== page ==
Everything suddenly went dead quiet, no screaming wind, and we were flying along fast. We eventually rounded a protected point to hug the shoreline to safety in Port-Saint-Louis-du-Rhône. If we had been forced to run out to sea because the steering broke or the engine failed, we never would have survived the monstrous seas overnight. It was an event that distinctly got our attention.
Anyway, to balance out that nightmare, I’d like to describe a genuinely delightful experience while crossing the Atlantic.
Crossing the Atlantic
I spent many hours hanging over the bow at night observing the turquoise explosions created by the bow crashing through bioluminescent plankton in tropical waters. The explosions occurred about every eight seconds, when wind and seas would fetch the yacht’s hull up to surge forward and heave down.
The greatest upheavals looked as if I was high up in some celestial balcony, with God creating a new universe down there every eight seconds, blasting out glowing turquoise galaxies, each uniquely dazzling! It was genuinely hypnotic. I later tried to illustrate it with paint. No good. No organic media I know of could capture those otherworldly images. But they were burned so deeply into my brain that they changed the molecules up there forever…and delightfully so.
I referred to God in that description. Do I believe? I’ll put it this way—if you’re faced with certain death for twelve hours straight; if you make a mistake steering or a crucial item breaks, you die; so you’ll damn well consider any option to save yourself. Religion? Mysticism? What have you got to lose? The believers may be right. So, to cover all the bases, you bet I talked with God in storms; everyone I could think of in fact, as I didn’t want to leave one out that might save me. I promised the lot if they or one would save me, I’d do whatever He or Whoever wanted later on. We survived the storm. I waited for a word. None. So I presume that all was, and still is, hunky dory.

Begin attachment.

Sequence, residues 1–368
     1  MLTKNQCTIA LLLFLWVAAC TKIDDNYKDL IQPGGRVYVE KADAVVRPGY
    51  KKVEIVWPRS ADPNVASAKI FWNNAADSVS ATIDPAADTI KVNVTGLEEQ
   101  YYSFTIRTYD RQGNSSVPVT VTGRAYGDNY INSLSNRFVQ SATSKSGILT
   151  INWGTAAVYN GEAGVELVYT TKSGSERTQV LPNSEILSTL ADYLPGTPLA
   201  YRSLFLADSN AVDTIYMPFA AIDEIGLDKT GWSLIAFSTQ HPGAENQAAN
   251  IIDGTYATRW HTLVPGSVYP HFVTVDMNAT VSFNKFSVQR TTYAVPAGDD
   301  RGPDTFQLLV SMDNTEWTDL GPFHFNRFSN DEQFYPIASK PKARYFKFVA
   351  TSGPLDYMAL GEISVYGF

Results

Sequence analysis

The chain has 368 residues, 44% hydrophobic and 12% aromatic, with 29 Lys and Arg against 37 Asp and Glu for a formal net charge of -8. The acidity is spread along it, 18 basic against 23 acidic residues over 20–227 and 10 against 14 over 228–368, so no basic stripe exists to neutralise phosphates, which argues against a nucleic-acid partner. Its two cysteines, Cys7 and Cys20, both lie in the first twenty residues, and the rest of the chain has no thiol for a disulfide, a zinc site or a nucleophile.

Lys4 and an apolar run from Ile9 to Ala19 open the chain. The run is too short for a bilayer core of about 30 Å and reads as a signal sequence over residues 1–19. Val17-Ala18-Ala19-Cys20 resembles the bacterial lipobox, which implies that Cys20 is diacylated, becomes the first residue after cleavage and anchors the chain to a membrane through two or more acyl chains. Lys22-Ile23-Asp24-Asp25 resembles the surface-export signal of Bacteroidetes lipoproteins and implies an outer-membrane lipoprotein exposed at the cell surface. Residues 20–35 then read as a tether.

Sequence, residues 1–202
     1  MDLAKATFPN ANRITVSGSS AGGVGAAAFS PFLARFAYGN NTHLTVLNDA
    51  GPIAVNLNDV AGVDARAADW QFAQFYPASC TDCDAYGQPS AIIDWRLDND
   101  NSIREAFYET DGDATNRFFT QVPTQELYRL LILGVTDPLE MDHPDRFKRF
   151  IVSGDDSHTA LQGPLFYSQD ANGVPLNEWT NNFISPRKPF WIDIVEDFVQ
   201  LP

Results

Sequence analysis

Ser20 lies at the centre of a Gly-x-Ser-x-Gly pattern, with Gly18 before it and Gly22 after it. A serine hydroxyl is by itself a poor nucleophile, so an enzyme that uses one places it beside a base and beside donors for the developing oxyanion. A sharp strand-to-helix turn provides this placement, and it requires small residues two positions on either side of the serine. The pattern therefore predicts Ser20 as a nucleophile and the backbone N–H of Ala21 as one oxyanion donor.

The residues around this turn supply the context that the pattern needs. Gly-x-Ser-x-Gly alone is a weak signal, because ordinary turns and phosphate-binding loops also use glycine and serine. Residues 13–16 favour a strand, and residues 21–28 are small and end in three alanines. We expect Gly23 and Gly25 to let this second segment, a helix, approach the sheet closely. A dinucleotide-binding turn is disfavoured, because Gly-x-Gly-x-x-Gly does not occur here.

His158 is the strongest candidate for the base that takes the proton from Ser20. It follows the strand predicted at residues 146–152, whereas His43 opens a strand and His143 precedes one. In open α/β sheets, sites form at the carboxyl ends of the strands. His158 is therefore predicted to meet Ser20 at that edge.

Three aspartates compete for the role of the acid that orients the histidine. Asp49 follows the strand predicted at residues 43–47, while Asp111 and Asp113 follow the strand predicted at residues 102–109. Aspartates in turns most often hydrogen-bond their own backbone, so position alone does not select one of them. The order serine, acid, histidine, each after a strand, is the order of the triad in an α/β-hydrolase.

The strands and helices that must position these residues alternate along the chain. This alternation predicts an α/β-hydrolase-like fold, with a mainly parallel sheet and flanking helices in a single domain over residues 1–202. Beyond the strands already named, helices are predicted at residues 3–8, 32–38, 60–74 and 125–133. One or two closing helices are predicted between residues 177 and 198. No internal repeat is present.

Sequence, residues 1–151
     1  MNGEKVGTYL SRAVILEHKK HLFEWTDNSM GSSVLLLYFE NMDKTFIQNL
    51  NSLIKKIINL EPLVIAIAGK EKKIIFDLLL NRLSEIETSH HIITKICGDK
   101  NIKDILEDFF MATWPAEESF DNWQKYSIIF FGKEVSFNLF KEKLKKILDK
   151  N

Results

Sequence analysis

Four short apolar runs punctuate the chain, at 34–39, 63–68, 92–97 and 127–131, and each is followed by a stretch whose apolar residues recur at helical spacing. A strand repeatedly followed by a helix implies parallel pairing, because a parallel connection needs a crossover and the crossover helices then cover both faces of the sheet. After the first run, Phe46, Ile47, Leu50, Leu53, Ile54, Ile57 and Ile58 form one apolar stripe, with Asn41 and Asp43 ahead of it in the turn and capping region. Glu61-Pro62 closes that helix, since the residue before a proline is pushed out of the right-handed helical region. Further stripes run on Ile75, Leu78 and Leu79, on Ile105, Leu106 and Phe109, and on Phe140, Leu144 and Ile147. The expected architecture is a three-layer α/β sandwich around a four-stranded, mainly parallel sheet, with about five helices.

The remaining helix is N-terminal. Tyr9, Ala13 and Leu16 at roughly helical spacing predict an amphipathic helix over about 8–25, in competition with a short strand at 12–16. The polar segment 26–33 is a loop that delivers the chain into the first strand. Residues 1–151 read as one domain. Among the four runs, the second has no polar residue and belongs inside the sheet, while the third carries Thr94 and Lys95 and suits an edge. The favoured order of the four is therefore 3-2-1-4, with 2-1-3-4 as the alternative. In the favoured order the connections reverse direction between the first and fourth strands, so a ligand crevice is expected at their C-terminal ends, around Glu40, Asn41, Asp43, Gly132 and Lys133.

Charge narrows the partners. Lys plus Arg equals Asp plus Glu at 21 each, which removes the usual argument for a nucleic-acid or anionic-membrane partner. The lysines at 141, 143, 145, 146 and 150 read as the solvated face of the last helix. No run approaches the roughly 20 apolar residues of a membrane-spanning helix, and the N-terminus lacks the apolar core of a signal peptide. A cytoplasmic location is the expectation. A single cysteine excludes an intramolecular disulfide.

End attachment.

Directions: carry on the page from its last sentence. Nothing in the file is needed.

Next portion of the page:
Coming back to less lethal adventures, when crossing the Atlantic I was obliged to climb the main mast to disentangle a top sail. From that high vantage point I could better look out at an endless sea, 360-degrees of blue, horizon to horizon. The nearest point of land was over 1,000 miles away. I did not reflect while up there; too busy holding on for dear life on a mast whipping back and forth 30-degrees every four seconds.
But once down I could indeed reflect how utterly alone we were out there, the tiniest insignificant spot on an endless universe of water…and it didn’t stop at the horizon but went on and on. I like to imagine it was a bit like entering “The Total Perspective Vortex” in, The Hitchhiker’s Guide To the Galaxy. In it one sees himself as an insignificant dot on an insignificant dot relative to the endless vastness of the universe. It was this sense of perspective that usually blew everyone’s mind.
Back to Earth, one of the greatest joys of boat life, depending on weather, is the total freedom to aim your boat in any direction and head for it, unlike driving a car in a maze in the ’burbs.